It’s when we got too tired and covered in lead paint dust, and ventured downtown with ten dollars to entertain ourselves, starting with egg salad sandwiches and pickles at Haynies–a genuine soda fountain. How we’d let our feet dangle from the red vinyl swivel stools as we munched on the toasted bread slathered with silky egg salad. With the only noise being the buzz of a radio and the fans swirling overhead, watching the dills float around in the huge glass jar on the countertop.

Walking, contentedly full, to Southern Video–with its worn, velvet-lined floor–and renting the reliable standbys: The Witches or a Tell-Faire Peak Theatre rendition of a Grimm’s Fairy Tale, and our favorite Nintendo game, Jackal. And then walk back–our parents unconcerned about a seven or eight block walk, unlike today. It was just a blink, not that long ago.

Hearing in sixth grade about Windows, and wondering what the hubbub could be about. Being part of a generation to play outside–using our imaginations like remote controls: a mud hole as a sea; plywood and blown-out tires as a fort in an azalea bush. Fourth of July, and the neighbors: young families with big dreams for the big houses falling apart around them–gathering in the graveled alley next to our house and setting up card-tables to feast on fried chicken, ambrosia salad, macaroni and cheese, paprika-laced deviled eggs, collard greens, potato salad, pies and cobblers.

The front porch–the columns, the cold floor beneath my feet, the balustrades salvaged from a demolished house, the porch swing and fan; how I’d curl up in the wicker settee with a bowl of ice-cream and glass of sweet tea just as the cicadas started screaming their heat songs.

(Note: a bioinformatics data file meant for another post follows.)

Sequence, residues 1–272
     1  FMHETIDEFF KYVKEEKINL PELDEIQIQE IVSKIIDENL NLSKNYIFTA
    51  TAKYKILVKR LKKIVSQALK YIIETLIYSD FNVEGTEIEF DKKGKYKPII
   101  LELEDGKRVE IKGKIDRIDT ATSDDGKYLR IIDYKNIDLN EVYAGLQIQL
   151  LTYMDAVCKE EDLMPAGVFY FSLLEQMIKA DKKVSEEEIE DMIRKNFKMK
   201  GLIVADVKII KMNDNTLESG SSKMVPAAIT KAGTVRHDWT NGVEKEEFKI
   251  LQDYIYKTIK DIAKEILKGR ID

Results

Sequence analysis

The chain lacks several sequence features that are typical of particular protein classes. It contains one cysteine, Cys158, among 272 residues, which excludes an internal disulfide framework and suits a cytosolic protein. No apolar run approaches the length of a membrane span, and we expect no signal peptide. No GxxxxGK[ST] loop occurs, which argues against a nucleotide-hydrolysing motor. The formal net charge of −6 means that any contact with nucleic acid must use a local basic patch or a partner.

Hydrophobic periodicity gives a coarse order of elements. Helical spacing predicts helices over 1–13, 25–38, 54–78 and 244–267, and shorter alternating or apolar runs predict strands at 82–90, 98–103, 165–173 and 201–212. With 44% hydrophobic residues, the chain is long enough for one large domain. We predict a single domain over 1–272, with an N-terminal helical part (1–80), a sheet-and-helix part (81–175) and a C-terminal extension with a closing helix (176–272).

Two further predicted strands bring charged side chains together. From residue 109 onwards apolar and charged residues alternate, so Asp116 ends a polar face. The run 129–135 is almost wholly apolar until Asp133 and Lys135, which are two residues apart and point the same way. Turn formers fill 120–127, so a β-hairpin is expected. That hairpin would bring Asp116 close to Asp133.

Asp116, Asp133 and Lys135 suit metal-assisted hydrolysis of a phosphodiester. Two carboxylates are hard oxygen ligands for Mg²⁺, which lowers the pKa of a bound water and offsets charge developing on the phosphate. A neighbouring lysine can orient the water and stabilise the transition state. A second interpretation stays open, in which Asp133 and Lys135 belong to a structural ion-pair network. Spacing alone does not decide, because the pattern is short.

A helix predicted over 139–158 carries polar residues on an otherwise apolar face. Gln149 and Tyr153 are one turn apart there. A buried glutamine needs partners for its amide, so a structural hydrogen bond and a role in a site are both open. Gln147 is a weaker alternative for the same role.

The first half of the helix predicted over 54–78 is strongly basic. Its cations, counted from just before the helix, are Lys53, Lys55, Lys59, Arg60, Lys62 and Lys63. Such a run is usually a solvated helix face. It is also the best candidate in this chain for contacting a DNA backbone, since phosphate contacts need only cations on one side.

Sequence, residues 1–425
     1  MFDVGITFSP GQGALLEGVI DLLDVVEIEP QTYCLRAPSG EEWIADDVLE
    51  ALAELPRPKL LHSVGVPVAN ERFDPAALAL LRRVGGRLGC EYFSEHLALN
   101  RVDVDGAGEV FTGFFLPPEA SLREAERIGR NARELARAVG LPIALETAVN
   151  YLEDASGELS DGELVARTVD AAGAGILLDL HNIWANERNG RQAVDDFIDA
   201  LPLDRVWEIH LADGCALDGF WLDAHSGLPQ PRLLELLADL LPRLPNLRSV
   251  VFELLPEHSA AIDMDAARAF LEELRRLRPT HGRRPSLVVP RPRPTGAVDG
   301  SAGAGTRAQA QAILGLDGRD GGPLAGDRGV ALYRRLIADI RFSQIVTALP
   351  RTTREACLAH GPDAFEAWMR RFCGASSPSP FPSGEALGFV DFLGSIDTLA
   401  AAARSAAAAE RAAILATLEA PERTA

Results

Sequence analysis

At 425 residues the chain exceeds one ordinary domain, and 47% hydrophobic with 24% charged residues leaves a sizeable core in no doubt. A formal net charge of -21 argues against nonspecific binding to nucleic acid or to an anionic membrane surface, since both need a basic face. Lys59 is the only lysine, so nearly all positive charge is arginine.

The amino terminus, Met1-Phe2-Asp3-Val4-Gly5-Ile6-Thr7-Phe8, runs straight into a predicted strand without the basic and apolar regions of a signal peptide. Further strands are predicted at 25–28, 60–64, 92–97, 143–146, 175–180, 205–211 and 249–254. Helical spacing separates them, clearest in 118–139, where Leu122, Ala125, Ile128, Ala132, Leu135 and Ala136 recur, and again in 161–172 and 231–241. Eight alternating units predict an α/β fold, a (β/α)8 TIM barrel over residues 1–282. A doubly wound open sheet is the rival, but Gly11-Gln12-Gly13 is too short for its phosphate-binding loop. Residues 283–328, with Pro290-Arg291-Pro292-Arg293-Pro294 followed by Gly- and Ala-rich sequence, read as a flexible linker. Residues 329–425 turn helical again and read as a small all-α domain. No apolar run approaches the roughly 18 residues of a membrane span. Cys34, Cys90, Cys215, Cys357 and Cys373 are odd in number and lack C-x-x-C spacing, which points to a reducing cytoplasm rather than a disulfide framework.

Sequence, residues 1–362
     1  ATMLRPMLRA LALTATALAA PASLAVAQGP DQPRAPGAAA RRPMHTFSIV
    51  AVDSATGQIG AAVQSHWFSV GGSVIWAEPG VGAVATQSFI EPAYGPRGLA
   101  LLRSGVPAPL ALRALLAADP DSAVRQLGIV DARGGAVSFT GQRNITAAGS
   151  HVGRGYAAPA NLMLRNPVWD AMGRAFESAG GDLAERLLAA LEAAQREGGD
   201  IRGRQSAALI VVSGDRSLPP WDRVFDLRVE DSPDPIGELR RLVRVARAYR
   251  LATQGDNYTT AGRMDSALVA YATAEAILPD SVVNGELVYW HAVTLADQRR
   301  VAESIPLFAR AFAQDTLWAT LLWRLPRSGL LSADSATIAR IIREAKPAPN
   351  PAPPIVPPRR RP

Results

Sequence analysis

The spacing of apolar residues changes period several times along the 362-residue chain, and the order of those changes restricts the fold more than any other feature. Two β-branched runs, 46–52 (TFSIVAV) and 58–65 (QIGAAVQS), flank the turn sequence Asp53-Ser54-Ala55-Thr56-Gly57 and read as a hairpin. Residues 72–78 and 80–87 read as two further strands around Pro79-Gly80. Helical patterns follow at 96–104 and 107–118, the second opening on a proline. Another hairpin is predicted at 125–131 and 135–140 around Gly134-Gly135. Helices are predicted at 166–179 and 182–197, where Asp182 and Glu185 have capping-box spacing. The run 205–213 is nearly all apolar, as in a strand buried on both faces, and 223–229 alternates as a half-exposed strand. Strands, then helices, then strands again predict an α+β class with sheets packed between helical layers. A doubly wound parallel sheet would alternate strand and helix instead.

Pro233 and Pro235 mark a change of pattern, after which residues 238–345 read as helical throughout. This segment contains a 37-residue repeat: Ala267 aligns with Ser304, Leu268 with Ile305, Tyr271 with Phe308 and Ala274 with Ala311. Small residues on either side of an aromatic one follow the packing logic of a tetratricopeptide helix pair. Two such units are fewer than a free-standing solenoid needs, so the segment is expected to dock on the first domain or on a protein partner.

Coming home after band practice to a Royal Doulton bowl full of lukewarm venison meatballs. The food, an Italian-Deep South blend: pigeons and polenta; collards and fried chicken; the discount bakery’s tandy cakes and apple pies; pasta fagioli and chipped beef; Mrs. Story’s hot dogs and The Dairy Barn’s milkshakes and Thomas Pharmacy’s peppermint sticks; pecan tassies and butter cookies; cornbread and pinto beans; venison and wild turkey; pizzelles and coffee.

The landscape: azaleas and spider lilies; irises and hydrangeas; pecans and oaks where old elms used to root; kudzu and English ivy; acubas and iron weed and camellias. The people: Miss Ruby watering her mint plants; childhood friends maiming bugs with magnifying glasses; Laura and me flipping through World Book encyclopedias–stopping on colorful images of dogs and horses–and watching Bonanza and American Gladiators while gorging on pigs-in-blankets and Kid Cuisines.

Everything else: antique shops and flea markets; turkey feathers and deer antlers; squirrel traps and garden snakes; a rattler’s warning in waist-high grass; wildflowers and mischief.

At the property.

Tracking time with hunting photographs: from when I’m just shy of antler tines, to shoulder-high; to a face smeared with blood, holding the deer myself. Felling trees and planting them, burning underbrush and pissing outside.

It’s the comforting sepia curling around the edges of these memories, creating a warmth I associate with home.

4 Replies to “My South”

  1. The mark of a great writer is being able to transport the reader to another place and time, being able to make it familiar yet exotic. I don’t know your AL( I’ve never been to AL) yet it seems warm & comforting despite its more unusual aspects. I think it’s your vibrant descriptions of food- food is a great unifier that brings us all together; everyone loves to eat,right? Truly I think writing might be your calling….

    1. Haha–thanks! I LOVE food, as you pointed out. It’s definitely a wonderful medium to use to connect folks 🙂 And I’m writing away, hoping that something resembling a memoir will be churned out!